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Shoemate v. Colvin

United States District Court, E.D. Missouri, Northern Division

February 2, 2015

CAROLYN W. COLVIN, Acting Commissioner of Social Security, Defendant.


DAVID D. NOCE, Magistrate Judge.

This action is before the court for judicial review of the final decision of the defendant Commissioner of Social Security denying the application of plaintiff Cynthia L. Shoemate for disability insurance benefits under Title II of the Social Security Act, 42 U.S.C. § 401, et seq., and supplemental security income under Title XVI of that Act, 42 U.S.C. § 1381, et seq. For the reasons set forth below, the decision of the Administrative Law Judge (ALJ) is affirmed.


Plaintiff was born on December 11, 1961. (Tr. 35.) She filed her Title II application on October 4, 2011, alleging an onset date of June 6, 2011, and alleging disability due to back pain and depression. (Tr. 78, 134-35, 157.) She protectively filed her Title XVI application on October 10, 2011. (Tr. 80, 136-41.) Her applications were denied initially, and she requested a hearing before an ALJ. (Tr. 78, 80.)

On March 25, 2013, following a hearing, the ALJ denied her applications. unfavorable decision. (Tr. 11-23.) The Appeals Council denied plaintiff's request for review. (Tr. 1-6.) Thus, the decision of the ALJ stands as the final decision of the Commissioner.


Plaintiff was voluntarily admitted to Mid Missouri Mental Health Center for depression from August 19-22, 2005. (Tr. 403.) From January 22, 2007 to November 17, 2009, she was treated for outpatient medication management at the University of Missouri Health System's Psychiatry Clinic. (Tr. 502-17.) By November 17, 2009 she was doing well in terms of her mood and she denied any symptoms of depression. (Tr. 502.)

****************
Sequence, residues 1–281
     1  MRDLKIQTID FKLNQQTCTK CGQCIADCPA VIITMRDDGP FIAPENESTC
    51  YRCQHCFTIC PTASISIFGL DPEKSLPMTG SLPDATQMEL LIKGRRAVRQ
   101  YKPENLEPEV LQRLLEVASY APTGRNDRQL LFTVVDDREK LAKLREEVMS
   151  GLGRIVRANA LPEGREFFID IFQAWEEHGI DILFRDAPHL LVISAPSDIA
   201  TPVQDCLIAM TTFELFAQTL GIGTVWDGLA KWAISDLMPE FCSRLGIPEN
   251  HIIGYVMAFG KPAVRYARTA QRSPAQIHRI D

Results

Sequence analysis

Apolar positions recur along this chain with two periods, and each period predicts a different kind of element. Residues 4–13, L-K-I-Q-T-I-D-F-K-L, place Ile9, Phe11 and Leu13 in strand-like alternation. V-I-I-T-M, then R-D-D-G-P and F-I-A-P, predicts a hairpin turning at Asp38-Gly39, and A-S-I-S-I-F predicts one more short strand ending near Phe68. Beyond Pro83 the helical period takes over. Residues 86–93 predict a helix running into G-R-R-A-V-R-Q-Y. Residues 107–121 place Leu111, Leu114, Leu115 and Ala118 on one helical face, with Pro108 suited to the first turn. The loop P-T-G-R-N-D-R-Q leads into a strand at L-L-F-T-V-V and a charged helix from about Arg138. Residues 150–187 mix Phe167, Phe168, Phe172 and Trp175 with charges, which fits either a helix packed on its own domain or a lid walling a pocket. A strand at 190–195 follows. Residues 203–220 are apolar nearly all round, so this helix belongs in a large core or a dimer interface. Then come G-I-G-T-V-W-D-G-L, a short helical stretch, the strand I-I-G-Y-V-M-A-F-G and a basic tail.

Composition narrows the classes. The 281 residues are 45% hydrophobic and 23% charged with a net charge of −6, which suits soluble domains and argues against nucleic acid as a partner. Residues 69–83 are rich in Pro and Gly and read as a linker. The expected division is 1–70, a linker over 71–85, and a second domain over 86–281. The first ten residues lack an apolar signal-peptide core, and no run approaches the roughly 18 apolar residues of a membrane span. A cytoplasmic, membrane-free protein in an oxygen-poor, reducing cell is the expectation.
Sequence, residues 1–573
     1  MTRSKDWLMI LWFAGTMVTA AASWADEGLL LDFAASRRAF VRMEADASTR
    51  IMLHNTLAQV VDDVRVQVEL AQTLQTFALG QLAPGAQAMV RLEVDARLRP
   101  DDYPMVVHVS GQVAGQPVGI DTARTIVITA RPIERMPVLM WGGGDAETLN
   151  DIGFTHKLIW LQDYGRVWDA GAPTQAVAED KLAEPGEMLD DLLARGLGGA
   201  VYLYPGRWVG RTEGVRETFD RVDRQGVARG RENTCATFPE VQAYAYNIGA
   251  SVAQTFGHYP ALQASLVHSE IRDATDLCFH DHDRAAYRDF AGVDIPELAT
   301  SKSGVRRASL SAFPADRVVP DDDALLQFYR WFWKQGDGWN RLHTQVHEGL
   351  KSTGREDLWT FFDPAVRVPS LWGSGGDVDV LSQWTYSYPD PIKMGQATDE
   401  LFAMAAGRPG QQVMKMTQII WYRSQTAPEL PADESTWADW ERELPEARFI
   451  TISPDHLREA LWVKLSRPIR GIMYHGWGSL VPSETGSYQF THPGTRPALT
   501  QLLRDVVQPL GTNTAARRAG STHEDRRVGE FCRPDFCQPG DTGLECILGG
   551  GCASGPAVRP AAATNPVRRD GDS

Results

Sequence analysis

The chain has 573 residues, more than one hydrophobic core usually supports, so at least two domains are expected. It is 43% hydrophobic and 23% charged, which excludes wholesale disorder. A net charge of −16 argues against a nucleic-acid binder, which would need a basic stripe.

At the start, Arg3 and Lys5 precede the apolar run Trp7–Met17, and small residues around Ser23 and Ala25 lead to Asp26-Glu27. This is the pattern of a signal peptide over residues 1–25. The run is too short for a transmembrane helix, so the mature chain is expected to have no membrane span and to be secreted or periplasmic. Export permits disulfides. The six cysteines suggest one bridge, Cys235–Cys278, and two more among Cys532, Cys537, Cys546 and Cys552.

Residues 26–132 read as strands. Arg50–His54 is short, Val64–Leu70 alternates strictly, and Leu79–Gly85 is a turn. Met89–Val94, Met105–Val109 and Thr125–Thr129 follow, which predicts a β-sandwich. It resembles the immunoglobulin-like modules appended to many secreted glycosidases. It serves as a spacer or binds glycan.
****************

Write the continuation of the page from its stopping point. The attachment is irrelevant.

On April 23, 2010, an x-ray of plaintiff's lumbar spine showed mild degenerative changes in her lumbar spine with disc space narrowing and facet arthrosis or degenerative joint disease. (Tr. 239.)

On July 15, 2010, plaintiff saw family practitioner Andrea Eden, M.D. She increased plaintiff's gabapentin, an anticonvulsant and analgesic, for paresthesia or numbness or tingling in her left leg. (Tr. 313-15.)

On July 16, 2010, plaintiff underwent an MRI of her lumbar spine which showed mild lumbar spondylosis or degenerative osteoarthritis. (Tr. 230-31.)

On July 27, 2010, plaintiff saw orthopedist John D. Miles, M.D., for lower back pain that radiated down her right hip and lower extremity to her mid-calf, and that was more pronounced on the left side. Dr. Miles noted that plaintiff had developed a little instability in her lower spine with some facet arthropathy or arthritis, particularly on the left side with some resultant low back, left buttock, and leg pain. Her symptoms were of short duration, about seven or eight months. She received an epidural steroid injection and was instructed to return as needed. Dr. Miles strongly encouraged core strengthening exercises, weight loss, and aerobic conditioning. (Tr. 232-33.)